Fastening the Lock: Court of Appeal hands down holiday pay judgment in British Gas v Lock
Following on from our earlier updates ‘It’s official – holiday pay must include voluntary overtime and commission’, ‘Lock v British Gas – ruling on commission and Holiday Pay’ and ‘Locking commission into holiday pay – EAT confirms position after a trip to the European Court of Justice’ the English Court of Appeal has now fastened the lock and upheld the EAT’s decision that the Working Time Regulations can be interpreted such that holiday pay should include results-based commission payments for the basic four weeks’ annual leave provided for by EU law.
Mr Lock’s claim was first heard in the employment tribunal in 2012 and the outcome has ultimately remained the same at every turn – commission should be included in the holiday pay calculation. The finer details of how to calculate this however remain unclear.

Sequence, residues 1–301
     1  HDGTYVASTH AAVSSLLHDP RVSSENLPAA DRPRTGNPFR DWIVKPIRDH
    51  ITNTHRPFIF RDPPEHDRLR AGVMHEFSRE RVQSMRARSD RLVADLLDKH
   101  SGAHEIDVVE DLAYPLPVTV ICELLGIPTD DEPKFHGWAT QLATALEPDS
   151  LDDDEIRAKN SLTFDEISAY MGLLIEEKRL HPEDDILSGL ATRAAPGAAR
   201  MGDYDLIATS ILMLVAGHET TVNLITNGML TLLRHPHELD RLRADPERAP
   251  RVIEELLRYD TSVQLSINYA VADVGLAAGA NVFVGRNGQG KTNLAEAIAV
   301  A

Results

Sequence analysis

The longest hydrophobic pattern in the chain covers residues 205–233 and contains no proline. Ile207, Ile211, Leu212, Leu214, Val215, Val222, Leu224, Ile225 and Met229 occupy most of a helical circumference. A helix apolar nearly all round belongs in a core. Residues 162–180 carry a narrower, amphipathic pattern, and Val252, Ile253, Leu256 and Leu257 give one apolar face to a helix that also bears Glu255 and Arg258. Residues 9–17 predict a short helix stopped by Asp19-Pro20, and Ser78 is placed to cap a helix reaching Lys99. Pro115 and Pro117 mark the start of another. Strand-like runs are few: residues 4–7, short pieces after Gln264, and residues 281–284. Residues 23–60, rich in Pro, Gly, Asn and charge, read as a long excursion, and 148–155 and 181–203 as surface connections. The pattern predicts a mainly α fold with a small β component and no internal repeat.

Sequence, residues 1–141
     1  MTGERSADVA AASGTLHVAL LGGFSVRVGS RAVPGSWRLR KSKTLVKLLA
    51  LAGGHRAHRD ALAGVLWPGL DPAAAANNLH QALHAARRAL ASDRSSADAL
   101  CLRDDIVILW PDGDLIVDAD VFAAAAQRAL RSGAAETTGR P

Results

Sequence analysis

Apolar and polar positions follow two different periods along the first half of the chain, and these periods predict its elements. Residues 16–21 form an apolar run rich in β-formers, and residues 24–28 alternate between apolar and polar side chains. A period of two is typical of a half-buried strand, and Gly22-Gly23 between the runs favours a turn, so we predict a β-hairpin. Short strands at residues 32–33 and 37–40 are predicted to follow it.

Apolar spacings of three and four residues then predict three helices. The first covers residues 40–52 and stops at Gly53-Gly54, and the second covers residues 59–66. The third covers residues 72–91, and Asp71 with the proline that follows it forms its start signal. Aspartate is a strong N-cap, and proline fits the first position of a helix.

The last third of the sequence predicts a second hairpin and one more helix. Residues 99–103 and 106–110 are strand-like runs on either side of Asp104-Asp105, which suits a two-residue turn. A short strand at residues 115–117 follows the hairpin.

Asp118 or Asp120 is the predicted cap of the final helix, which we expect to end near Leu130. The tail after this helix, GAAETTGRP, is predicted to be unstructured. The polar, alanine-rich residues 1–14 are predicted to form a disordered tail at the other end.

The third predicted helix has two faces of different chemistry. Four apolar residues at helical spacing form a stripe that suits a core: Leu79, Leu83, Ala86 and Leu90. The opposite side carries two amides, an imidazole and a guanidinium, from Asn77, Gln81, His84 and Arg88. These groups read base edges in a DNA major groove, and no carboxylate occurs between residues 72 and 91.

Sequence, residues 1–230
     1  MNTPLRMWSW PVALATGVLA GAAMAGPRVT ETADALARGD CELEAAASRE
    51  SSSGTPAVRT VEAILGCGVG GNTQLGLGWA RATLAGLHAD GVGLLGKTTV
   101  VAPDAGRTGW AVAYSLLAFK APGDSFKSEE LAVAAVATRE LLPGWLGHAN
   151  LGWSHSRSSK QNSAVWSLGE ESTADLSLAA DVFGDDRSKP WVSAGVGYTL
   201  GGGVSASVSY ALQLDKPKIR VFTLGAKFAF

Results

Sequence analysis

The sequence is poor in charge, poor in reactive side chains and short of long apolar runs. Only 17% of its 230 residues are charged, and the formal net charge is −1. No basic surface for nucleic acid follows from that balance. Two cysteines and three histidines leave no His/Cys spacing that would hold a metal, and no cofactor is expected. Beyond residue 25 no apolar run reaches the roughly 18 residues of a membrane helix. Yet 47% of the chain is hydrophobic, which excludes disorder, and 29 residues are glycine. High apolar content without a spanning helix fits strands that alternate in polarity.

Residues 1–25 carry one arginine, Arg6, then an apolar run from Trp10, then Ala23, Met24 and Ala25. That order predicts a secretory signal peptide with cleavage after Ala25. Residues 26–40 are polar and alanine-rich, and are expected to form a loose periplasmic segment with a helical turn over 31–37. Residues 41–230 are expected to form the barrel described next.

When questions arose in the Court of Appeal in relation to how to factor bonuses and commission payments in to the holiday pay calculation the court declined to answer them.
What is clear however, is that a worker with normal working hours’ holiday pay should be calculated with reference to their “normal remuneration” which includes commission payments that the worker would have received had they been at work, and not on holiday.
This decision comes after other holiday pay decisions in the EAT and Northern Irish Court of Appeal that holiday pay should include non-guaranteed or voluntary overtime, voluntary standby and voluntary call out payments, because these payments were intrinsically linked to the performance of the job so formed part of the employee’s “normal remuneration”.
That is not to say that the current holiday pay position is set in stone – the Lock may be re-opened with an appeal to the Supreme Court – and it is likely that the tribunals will approach the issues on a case-by-case basis. Please contact Katy Wedderburn for more information.